“A lot of things like the Li-ion battery, for example, are both in the [Fit EV] and in our hybrids. Our first application of Li-ion batteries in a production car was in this [FCX Clarity],” said Ellis, noting that the previous FCX fuel-cell car had ultracapacitors for energy capturing and regenerative braking.

All-new regen braking system

“The advancements of the regenerative braking system [in the Fit EV] are a result of, again, lessons learned from Clarity,” Ellis continued. “It’s an all-new system, but when we have vehicles with all-electric drive and incorporating regen braking, we can keep improving that. So feedback from customers, lessons learned from Clarity and even our hybrids led to the development of that system.”

Advanced cooperative control between the electric powertrain and the newly developed electric servo brake system results in an 8% increase in energy recovery compared to conventional regenerative braking, according to Honda. A distinctive feature of the new brake system is that in addition to the master cylinder, all slave cylinders are also individually controlled.

With “brakes off,” the servo motor provides no pressure in the brake lines to eliminate any loss. During regenerative braking, the servo motor applies no pressure; the pedal force simulator provides the driver with the desired linear brake-pedal feel. With friction braking, the servo motor provides brake pressure according to the brake-pedal stroke. When the driver releases the throttle pedal, regenerative braking is initiated.

As the driver steps on the brake pedal, the drive motor switches to generator mode to maximize energy recovery. Before the vehicle comes to a full stop, braking is gradually apportioned from regenerative to friction braking for a smooth stop.

Regenerative braking is further increased when selecting the new “B” (Brake) shift position—a helpful feature when controlling the Fit EV’s following distance behind a car, or when driving downhill. To reduce brake-pedal operation in downhill driving, the Fit EV’s braking system incorporates “regenerative grade logic” that automatically increases regeneration to help limit vehicle speed.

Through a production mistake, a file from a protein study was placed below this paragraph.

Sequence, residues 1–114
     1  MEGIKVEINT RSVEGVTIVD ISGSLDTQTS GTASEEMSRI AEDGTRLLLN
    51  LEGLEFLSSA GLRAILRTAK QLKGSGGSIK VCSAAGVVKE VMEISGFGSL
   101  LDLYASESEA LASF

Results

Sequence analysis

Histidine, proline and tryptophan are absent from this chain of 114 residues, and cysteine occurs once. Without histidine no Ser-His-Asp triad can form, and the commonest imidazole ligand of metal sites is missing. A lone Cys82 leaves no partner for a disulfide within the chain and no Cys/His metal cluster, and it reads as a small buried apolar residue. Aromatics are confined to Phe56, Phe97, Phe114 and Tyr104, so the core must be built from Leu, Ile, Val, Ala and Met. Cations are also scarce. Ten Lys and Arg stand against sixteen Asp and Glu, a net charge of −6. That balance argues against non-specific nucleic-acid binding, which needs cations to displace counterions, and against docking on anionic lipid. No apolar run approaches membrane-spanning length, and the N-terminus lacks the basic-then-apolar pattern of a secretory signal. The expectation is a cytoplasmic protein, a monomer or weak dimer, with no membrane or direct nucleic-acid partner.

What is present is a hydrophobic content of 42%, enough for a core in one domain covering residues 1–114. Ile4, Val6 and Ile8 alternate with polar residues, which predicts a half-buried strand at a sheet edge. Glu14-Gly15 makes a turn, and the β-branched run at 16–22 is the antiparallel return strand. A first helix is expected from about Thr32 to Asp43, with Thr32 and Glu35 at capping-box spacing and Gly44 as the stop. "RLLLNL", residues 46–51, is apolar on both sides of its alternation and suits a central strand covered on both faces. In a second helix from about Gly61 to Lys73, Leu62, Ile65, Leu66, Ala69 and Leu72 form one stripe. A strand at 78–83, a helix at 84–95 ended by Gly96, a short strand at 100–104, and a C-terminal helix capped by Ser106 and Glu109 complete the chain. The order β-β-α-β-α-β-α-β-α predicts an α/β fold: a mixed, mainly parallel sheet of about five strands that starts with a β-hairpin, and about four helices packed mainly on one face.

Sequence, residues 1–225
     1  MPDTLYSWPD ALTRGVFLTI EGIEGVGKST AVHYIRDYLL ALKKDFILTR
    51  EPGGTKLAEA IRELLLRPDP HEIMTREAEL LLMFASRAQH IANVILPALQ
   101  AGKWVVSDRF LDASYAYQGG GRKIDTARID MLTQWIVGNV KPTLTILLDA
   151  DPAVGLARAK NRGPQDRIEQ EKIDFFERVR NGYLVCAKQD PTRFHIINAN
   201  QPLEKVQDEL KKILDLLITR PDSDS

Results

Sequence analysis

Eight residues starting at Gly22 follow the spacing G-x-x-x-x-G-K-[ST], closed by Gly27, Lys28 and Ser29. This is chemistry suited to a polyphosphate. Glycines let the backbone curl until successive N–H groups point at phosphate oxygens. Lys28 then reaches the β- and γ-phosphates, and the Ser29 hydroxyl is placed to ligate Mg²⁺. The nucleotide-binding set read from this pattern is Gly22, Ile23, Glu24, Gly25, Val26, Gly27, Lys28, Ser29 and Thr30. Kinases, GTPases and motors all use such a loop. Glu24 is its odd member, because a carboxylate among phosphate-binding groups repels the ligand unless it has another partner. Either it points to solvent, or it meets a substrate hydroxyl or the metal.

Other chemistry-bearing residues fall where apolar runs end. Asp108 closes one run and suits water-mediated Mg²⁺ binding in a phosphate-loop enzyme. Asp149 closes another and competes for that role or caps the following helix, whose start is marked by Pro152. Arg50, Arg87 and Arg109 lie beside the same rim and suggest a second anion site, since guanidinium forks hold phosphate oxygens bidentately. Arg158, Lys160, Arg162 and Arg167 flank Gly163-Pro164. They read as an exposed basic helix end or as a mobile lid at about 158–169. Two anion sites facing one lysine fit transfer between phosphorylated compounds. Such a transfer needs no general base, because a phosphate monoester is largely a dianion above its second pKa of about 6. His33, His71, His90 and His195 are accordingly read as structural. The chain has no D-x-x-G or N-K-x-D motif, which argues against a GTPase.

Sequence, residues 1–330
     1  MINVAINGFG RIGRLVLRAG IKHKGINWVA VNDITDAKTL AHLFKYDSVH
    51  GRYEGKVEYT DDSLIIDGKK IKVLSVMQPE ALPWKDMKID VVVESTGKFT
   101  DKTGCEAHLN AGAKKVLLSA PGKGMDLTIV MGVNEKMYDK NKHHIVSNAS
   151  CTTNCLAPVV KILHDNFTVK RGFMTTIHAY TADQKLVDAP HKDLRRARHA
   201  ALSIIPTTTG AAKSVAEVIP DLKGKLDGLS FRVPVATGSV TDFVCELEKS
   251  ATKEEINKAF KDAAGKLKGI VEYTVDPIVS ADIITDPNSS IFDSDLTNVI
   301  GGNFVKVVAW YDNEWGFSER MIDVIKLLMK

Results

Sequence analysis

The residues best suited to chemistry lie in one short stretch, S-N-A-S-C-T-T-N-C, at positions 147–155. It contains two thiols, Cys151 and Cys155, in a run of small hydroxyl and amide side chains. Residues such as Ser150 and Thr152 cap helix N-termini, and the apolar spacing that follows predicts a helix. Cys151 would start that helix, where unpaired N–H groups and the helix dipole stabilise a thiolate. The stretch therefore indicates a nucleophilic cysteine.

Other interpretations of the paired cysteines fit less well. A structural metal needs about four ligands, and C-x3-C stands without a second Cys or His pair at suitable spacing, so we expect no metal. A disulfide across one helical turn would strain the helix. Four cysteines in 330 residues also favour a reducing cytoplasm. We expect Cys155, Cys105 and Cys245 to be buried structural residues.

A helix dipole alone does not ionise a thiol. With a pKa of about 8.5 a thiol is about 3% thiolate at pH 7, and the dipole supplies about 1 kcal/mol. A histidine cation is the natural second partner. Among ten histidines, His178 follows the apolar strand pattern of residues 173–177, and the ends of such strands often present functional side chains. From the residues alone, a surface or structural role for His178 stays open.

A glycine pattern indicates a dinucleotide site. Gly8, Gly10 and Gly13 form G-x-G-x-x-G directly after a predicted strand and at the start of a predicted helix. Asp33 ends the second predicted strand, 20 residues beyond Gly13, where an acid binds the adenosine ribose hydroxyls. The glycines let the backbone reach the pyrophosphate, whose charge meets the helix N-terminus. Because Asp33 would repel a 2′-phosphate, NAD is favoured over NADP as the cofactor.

The system regulates speed when the driver first releases the accelerator pedal and also helps maintain constant vehicle speed after the driver initiates brake-pedal inputs—functionality similar to engine braking in a gasoline-engine vehicle.

The continuity that Ellis referenced applies not only to Honda’s electrified vehicles, but also to the entire vehicle development team. Ellis’ history at Honda stretches back to the original EV Plus, and also includes alt-fuel vehicles such as the Civic GX natural gas vehicle.

“Even though my title is on the marketing side, my background is very technical. I’m not an engineer, but I’m accused of it,” he quipped.

Ellis noted that the three Japan-based Honda R&D engineers who were present at a Fit EV media event this past summer—Sachito Fujimoto, Chief Engineer and Large Project Leader (LPL); Kenichiro Kimura, Powertrain Assistant LPL; and Hideo Sakai, Dynamic Assistant LPL—have similar backstories.

“All three of them had a direct role with EV Plus previously, and all three of them worked on the FCX Clarity program,” Ellis said. “It’s not like they were taken off of one [program] and put onto another; we’re doing parallel development of the next-generation fuel-cell vehicle from Honda and, of course, Fit EV.”

The Fit EV uses the standardized SAE J1772 charging port. When connected to a standard 120-V AC outlet, the car can be fully recharged in less than 15 h, claims Honda. With a 240-V AC Level 2 Electric Vehicle Supply Equipment device connected to the Fit EV’s onboard 6.6-kW charger, the charge time is said to be less than 3 h.

Currently available for lease only ($389/month for 36 months) in select markets in California and Oregon, the Fit EV will expand to select East Coast markets in spring 2013. Honda anticipates production of approximately 1100 vehicles in MY2013-2014.